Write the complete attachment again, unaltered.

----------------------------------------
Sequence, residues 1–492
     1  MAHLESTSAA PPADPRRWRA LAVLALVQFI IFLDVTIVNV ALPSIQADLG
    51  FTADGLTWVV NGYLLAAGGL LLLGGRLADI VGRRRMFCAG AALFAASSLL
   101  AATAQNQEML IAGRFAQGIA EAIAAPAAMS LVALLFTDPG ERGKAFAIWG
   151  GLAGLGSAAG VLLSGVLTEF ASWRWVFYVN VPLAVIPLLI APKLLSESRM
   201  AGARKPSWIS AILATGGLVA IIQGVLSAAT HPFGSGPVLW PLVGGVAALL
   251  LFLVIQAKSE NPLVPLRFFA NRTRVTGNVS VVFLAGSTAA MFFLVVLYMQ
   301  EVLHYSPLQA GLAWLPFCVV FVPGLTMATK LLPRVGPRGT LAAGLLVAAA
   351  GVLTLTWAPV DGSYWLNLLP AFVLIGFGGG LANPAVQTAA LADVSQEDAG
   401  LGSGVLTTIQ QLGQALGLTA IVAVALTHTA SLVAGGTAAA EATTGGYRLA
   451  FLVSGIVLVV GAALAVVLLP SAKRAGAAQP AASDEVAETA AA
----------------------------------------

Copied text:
Sequence, residues 1–492
     1  MAHLESTSAA PPADPRRWRA LAVLALVQFI IFLDVTIVNV ALPSIQADLG
    51  FTADGLTWVV NGYLLAAGGL LLLGGRLADI VGRRRMFCAG AALFAASSLL
   101  AATAQNQEML IAGRFAQGIA EAIAAPAAMS LVALLFTDPG ERGKAFAIWG
   151  GLAGLGSAAG VLLSGVLTEF ASWRWVFYVN VPLAVIPLLI APKLLSESRM
   201  AGARKPSWIS AILATGGLVA IIQGVLSAAT HPFGSGPVLW PLVGGVAALL
   251  LFLVIQAKSE NPLVPLRFFA NRTRVTGNVS VVFLAGSTAA MFFLVVLYMQ
   301  EVLHYSPLQA GLAWLPFCVV FVPGLTMATK LLPRVGPRGT LAAGLLVAAA
   351  GVLTLTWAPV DGSYWLNLLP AFVLIGFGGG LANPAVQTAA LADVSQEDAG
   401  LGSGVLTTIQ QLGQALGLTA IVAVALTHTA SLVAGGTAAA EATTGGYRLA
   451  FLVSGIVLVV GAALAVVLLP SAKRAGAAQP AASDEVAETA AA